2. Take a different approach to sponsorship. In addition to an evolving type of influencer that is not being tapped into, there is also an amplified way of implementing influencer marketing that is left untapped. Sponsorship is one of the most overlooked yet impactful sources of influencer marketing. Rather than a corporation simply hiring an influencer to post about their product or service through their social media channels or appear at one of the corporation’s events, they can tap into platforms where the influencer is already in front of their audience in the natural course of their work, such as live events, webinars, social media, private coaching programs, websites, newsletters, etc. This can be in the form of pure advertisement, but content placement and presentations by company representatives have proven to yield the best results and equate to more sales. The key to making sponsorship worth the time and money invested is to expand beyond the walls of only sponsoring nonprofit initiatives or live events. Consideration should be given to all of the platforms available by your influencers.

3. Go beyond social. Historically, social media and blog posts have been the flagship activities for influencer campaigns. In order to increase ROI on marketing dollars spent, a more diversified approach should be considered. I propose what I call a 360° Activation.™ This simply means going beyond a social strategy and relying on company-generated content to utilizing all platforms made available by the influencer. The driving forces behind the 360° Activation™ are engagement, content placement and using a combination of company initiatives along with influencer initiatives.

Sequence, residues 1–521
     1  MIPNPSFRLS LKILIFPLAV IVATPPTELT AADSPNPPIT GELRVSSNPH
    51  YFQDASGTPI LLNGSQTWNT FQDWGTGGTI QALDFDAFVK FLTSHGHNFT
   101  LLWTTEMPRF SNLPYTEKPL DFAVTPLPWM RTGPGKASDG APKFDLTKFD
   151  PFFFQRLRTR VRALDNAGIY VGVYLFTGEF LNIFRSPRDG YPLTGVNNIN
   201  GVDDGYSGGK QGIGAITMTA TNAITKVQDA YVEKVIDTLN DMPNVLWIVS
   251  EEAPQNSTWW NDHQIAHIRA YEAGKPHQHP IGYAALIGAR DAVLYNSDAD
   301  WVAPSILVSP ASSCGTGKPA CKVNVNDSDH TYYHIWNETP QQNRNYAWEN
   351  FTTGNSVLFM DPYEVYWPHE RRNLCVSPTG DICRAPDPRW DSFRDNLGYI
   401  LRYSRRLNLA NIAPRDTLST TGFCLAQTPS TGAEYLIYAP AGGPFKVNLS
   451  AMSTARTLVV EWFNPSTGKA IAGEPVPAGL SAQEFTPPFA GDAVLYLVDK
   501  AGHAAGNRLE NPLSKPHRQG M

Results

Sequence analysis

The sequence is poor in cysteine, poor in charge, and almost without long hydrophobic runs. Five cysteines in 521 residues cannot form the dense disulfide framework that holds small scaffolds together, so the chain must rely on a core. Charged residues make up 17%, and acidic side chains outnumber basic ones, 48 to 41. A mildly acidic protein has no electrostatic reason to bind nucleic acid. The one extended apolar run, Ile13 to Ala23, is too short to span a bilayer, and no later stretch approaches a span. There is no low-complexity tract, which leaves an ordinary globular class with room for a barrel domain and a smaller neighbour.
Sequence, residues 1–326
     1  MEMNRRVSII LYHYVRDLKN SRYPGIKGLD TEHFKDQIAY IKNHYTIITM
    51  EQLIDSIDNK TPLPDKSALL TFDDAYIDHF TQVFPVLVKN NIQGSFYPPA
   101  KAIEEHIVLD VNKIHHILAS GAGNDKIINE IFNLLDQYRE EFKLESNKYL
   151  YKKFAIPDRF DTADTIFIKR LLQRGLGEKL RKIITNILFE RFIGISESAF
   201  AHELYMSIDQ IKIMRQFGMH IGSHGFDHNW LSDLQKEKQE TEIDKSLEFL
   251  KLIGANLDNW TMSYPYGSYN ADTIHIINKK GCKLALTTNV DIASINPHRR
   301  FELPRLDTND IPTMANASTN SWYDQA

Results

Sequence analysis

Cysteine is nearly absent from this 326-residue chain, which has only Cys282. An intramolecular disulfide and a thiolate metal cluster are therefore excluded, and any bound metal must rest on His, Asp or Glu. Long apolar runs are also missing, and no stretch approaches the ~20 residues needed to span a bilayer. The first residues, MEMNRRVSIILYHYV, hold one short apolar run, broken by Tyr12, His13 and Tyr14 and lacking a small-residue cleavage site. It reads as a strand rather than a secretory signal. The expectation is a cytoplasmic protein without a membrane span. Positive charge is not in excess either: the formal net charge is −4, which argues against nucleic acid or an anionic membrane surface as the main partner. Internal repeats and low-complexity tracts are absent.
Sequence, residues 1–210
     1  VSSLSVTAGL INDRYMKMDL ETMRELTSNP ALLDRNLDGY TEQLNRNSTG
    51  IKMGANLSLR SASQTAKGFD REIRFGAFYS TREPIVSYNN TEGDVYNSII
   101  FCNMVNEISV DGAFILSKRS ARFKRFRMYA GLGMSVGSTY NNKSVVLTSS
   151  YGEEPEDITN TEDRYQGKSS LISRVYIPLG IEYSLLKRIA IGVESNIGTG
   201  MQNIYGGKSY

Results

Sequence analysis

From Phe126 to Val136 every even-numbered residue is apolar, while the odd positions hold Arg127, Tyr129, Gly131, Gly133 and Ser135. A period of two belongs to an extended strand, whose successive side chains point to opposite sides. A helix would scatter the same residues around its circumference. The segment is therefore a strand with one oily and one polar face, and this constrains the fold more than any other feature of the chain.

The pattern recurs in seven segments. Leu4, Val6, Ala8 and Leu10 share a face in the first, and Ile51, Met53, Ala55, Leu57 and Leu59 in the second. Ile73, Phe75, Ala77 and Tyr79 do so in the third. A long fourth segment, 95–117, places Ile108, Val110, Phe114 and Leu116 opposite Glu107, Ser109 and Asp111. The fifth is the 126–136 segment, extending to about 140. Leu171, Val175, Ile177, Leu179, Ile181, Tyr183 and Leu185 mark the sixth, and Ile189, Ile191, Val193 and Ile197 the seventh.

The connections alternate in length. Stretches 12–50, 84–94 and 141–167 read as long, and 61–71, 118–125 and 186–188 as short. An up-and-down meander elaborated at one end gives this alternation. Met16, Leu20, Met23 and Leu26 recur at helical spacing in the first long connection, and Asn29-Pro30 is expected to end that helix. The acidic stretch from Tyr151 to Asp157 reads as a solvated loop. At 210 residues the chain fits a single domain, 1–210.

The harsh reality is that we live in an attention economy, and the only way to get and keep the attention of your ideal target market is to buy it. Additionally, corporations have to be willing to do something different than what they have always done.

Make next-level influencer marketing a priority now. If you continue to approach influencer marketing as usual or ignore it all together, you are preparing to be left behind, losing control of your brand and the ability to compete in a world where consumers are in control.

Shayna Rattler is the ultimate go-to matchmaker for top brands and influencers. As CEO of Corporate Attraction, a global consultancy based in Dallas, Texas, she has spent more than a decade working with corporations, entrepreneurs and influencers of all shapes and sizes to create perfect alignment between brands and talent for not only effective brand representation, but also increased visibility and profit.

An expert in understanding what makes you incredibly attractive to corporate sponsors, Rattler also created the exclusive training program Sponsorship Magnet,™ uniquely designed for business owners and up-and-coming talent who want to learn how to land corporate sponsors.

Her clients have included international best-seller Lisa Nichols, media star Steve Harvey, Susan G. Komen Foundation and big-brand corporations like UPS, Delta Airlines, State Farm and Mary Kay International.

Rattler has been featured in more than 250 media outlets, including the Wall Street Journal, Enterprising Women and Black Enterprise. In 2012, she was the recipient of the National Association of Professional Women’s “Woman of the Year” for her industry.

Her mission is to forever change the way that businesses in America market and prosper. To learn more about Rattler or Corporate Attraction, visit www.corporateattraction.com.